March Memories: Jesus, The Good Shepherd.

In John 10, the Lord Jesus had a lot to say about His sheep.  Shepherds and sheep were a common sight, and He used them to illustrate redemption.  Without going into great detail, and in no particular order, there are several things in this chapter which illustrate the care of the Lord for His sheep.

1.  The shepherd has responsibility for the sheep.

By the very nature of his job, the shepherd is responsible for the welfare of his flock.  It is what he does.  He isn’t there for himself, but for them.  Further, he is accountable for what he does.  We see the Lord’s responsibility in John 10:16 (NKJV), where He said, “…other sheep I have which are not of this fold; them also I must bring….”  Notice the phrase, “I must bring.”  He has responsibility for the sheep.

He also has accountability.  In John 17:2, the Lord told the Father, “Those whom You gave Me I have kept, and none of them is lost except the son of perdition, that the Scripture might be fulfilled.”  The Lord is accountable to the Father for those whom the Father has given Him.

2.  The shepherd has authority over the sheep.

Because He is the shepherd, He has the right and the authority to enter the sheepfold, vs. 1,2, and to lead them out to pasture.  The doorkeeper, or security guard, to use the modern term, knows Him and will let Him in.

Indeed, our Great Shepherd of the sheep, Hebrews 13:20, has been given authority over all flesh, John 17:2 (emphasis added).  Have you ever really thought about that?  Does it just mean, as some seem to think, that He is now “ruling” in heaven?  I don’t wish to be difficult, but it seems to me from His own words that such a thought has nothing to do with what He actually said.  John 17:2 says, “…as You [the Father] have given Him authority over all flesh, that He should give eternal life to as many as You have given Him  (emphasis added).  A lot of people don’t like to hear that.  I do understand.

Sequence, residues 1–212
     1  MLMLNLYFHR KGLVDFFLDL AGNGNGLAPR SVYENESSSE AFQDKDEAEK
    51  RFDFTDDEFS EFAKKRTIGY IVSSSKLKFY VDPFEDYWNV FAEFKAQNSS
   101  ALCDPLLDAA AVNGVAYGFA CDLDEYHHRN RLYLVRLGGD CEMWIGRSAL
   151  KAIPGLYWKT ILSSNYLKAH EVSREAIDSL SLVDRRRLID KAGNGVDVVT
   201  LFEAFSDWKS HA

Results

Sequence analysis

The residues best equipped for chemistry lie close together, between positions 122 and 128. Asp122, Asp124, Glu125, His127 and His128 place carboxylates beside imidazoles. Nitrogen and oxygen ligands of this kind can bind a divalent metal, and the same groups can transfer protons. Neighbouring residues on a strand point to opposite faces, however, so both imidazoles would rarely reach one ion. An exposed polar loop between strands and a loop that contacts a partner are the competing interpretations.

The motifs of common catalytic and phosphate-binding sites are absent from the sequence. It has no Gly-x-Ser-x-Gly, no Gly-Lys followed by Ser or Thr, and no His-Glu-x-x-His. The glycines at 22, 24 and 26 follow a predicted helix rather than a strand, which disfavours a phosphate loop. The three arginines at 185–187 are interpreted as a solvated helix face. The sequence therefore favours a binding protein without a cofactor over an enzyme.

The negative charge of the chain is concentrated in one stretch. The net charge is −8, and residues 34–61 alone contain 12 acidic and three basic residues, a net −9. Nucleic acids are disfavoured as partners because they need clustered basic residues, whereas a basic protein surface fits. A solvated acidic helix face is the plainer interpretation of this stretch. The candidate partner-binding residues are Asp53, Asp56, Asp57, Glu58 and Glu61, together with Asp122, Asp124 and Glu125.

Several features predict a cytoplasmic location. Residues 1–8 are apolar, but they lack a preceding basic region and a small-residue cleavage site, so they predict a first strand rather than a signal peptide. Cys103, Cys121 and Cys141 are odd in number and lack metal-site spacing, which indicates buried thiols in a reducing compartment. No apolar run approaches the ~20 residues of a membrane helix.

Our religious culture has been so filled with the idea that God’s done all He can do, and now it’s up to us, that any idea that that may not really be true is hard for some to accept.  This is not to deny our responsibility to preach the Gospel or to believe it.  Preaching is the means God uses to call in the sheep, and faith is the evidence that one is a sheep.  And “preaching” doesn’t just mean from a pulpit.  It has to do with anything that focuses attention on the Lord Jesus.  That might just be how we do our job.  A tract, this blog, a word of encouragement, all these may be included in “preaching.”

The shepherd has authority.

3.  The shepherd knows the identity of the sheep.

Perhaps there would be several flocks of sheep in a fold, but the shepherd knew which ones were his, vs. 4, 5.  And the sheep knew him,  Furthermore, he knew them individually.  He had named each of them, and called them one by one.  Naming animals is nothing new.

We’ve mentioned elsewhere the lovely duet sung in church to the effect that “when He died, He didn’t even know my name”!  That is a truly sad view of the death of Christ.  He knew His sheep when He hung on the Cross, dying for them.  He knew them before Genesis 1:1.  Their names were written in His Book of Life before time began, Revelation 13:8; 17:8.  And He will know them forever.

He knew everything about us,…and He died for us, anyway.  We are His.

4.  The shepherd guides the activity of the sheep.

He calls his own sheep by name and leads them out.  And when he brings them out, he goes before them, vs. 3, 4.  The Psalmist put it like this:  He makes me to lie down in green pastures; He leads me beside the still water, Psalm 23:2, 3.

5.  The shepherd seeks the prosperity of the sheep.